If you’re not sure if the provider you want to see will be covered by your plan, you can check the GSU benefit booklet, or contact Green Shield directly through their support centre, online form or at 1-888-711-1119. Remember to check both the GSU and CUPE plan requirements, as they’re sometimes different.
Green Shield has agreements with healthcare providers in the city (and around the country) that will lower the cost of some services for plan members. You can look through the complete list of in-network providers, or check details of the discounts and providers for each network on the Studentcare website (on the right-hand side, under “Studentcare Networks”). You do not have to use an in-network provider to get reimbursed; your coverage applies equally to all qualified providers, being “in the network” just means a provider will offer discounts on some services to plan members.
Using Your Benefits
Some healthcare providers are able to apply insurance benefits on the spot so you never have to pay the full cost. Discuss this directly with your healthcare provider(s), and see whether they will coordinate benefits with both your GSU and CUPE plans, or with only one (always apply the GSU benefits first). Take your insurance numbers with you to every medical appointment in order to increase the likelihood of using your benefits as you go.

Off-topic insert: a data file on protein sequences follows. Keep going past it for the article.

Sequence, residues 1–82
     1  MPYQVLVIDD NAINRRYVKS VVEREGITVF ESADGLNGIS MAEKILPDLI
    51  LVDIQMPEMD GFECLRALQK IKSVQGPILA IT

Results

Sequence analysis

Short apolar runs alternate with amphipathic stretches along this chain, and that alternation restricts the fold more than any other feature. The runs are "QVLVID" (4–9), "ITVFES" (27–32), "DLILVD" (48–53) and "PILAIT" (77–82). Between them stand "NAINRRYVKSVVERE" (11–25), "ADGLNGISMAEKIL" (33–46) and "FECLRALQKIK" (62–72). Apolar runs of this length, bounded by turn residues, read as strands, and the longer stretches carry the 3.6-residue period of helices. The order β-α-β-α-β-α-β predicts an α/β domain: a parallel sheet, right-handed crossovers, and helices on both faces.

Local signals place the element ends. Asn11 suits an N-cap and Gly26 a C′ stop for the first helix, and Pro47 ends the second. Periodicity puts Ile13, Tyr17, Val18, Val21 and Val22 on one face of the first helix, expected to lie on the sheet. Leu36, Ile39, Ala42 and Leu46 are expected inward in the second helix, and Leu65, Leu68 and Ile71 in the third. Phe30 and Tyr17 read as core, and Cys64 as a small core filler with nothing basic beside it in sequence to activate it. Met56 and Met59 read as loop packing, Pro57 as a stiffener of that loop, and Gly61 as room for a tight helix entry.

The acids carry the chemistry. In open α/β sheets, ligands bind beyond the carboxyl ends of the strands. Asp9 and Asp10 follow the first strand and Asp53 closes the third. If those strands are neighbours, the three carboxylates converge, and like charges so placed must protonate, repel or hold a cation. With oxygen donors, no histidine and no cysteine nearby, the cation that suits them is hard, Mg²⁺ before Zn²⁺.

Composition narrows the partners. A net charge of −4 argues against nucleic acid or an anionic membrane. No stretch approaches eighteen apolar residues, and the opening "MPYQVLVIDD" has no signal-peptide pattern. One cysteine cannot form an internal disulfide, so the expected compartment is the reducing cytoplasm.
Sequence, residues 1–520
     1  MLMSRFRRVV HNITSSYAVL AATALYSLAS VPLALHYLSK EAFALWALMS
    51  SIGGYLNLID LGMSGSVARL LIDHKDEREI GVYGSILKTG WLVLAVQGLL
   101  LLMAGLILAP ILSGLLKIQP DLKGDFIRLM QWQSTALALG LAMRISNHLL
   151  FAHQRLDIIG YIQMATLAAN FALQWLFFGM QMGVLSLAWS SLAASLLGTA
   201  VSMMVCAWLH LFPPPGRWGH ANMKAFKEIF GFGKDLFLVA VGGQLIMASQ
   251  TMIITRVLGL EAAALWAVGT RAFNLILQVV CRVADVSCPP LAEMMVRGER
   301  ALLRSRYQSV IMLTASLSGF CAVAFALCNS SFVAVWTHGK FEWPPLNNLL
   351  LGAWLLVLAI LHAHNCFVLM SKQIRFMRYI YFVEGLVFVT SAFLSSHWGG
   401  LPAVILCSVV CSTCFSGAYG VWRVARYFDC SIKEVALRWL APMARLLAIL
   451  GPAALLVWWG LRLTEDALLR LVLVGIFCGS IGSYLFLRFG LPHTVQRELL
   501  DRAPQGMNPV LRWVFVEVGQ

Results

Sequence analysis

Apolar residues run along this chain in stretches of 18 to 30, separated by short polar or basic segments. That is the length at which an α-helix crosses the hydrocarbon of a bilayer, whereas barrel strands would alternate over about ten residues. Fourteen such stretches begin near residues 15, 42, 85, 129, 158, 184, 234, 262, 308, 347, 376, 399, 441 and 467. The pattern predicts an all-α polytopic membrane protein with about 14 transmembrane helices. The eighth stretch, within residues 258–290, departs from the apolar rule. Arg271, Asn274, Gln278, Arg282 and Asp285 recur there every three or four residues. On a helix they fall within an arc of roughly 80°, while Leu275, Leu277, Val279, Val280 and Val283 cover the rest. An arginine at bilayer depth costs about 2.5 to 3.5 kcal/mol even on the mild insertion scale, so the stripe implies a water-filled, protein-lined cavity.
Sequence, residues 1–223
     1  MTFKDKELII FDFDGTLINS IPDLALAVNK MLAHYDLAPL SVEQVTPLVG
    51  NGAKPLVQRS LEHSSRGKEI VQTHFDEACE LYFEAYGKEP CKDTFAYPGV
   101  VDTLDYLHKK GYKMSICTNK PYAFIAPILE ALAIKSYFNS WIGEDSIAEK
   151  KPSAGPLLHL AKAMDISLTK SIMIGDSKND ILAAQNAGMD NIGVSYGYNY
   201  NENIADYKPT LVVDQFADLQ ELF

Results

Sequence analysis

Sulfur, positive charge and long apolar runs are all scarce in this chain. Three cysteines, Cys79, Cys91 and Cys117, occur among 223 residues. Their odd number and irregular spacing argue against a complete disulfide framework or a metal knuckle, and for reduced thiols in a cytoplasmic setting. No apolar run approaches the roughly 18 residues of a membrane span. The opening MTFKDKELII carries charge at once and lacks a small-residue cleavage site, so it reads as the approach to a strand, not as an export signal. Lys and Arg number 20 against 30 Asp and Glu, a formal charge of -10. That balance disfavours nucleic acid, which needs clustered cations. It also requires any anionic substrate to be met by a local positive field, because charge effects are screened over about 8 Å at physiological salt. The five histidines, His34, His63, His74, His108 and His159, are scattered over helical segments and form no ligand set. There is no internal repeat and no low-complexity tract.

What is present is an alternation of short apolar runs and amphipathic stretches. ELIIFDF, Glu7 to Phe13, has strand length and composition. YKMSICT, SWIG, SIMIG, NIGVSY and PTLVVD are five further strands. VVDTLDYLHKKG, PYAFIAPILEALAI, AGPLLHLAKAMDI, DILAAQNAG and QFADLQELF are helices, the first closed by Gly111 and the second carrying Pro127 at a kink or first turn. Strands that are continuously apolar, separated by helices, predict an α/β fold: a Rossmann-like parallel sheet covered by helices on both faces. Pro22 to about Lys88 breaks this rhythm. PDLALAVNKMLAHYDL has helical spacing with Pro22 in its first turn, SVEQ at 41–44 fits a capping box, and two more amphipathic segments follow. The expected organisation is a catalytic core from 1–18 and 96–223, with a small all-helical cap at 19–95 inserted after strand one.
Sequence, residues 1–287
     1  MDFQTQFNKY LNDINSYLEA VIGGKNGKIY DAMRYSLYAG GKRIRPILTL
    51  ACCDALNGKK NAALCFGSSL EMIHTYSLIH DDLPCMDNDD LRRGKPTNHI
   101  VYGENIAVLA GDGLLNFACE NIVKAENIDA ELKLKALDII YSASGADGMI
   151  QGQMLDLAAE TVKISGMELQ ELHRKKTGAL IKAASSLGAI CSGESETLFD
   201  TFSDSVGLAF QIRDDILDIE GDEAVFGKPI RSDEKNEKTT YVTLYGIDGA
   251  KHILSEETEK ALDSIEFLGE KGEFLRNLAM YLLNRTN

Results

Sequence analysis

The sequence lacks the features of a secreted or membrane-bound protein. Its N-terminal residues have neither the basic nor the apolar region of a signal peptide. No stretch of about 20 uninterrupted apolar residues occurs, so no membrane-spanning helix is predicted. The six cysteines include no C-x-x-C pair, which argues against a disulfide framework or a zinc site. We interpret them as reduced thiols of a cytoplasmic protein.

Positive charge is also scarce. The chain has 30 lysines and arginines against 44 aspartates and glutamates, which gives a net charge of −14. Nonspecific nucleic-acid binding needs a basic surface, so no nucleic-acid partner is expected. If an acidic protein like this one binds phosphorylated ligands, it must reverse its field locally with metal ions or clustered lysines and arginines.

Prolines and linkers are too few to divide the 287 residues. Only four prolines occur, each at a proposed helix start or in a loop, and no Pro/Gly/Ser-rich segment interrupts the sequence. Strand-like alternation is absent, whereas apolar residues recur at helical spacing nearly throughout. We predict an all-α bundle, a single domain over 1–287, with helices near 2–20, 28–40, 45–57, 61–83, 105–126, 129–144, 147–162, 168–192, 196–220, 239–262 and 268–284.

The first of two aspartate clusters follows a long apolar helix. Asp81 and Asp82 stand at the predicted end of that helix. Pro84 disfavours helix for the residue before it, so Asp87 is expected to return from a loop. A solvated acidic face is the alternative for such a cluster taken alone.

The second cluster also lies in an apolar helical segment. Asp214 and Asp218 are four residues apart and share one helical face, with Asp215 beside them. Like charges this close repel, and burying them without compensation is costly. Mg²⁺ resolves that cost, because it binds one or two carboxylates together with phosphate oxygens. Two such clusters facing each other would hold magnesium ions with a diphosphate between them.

You can also print your own insurance card to carry around. Write your GSU plan number in the box and CUPE plan number below or on the other side. Consider laminating the card, printing it out on cardboard, or using tape.
If you have paid for some kind of health service or prescription without accessing your insurance up front, you can likely receive reimbursement for some of the expense. This is done by filing an insurance claim. You can file a joint claim to both supplementary health plans simultaneously, or file independent claims to each plan. If you file the claims separately, always apply to the GSU plan first (since this is the primary plan). If your medical expense is not fully covered by the combined supplementary and top-up plans, you can also access your health care spending account (HCSA) which may cover the remainder.
Filing a Paper Claim
If you prefer to stick with analogue, you can print and fill in a paper claim form and mail it in. The Health and Vision form can be used for most claims. There’s a separate form for Dental claims which you should take with you to your dentist so that they can fill it out for you. Travel Insurance and Accidental Death and Dismemberment claims are both submitted differently, so it’s best to check the Studentcare website for details.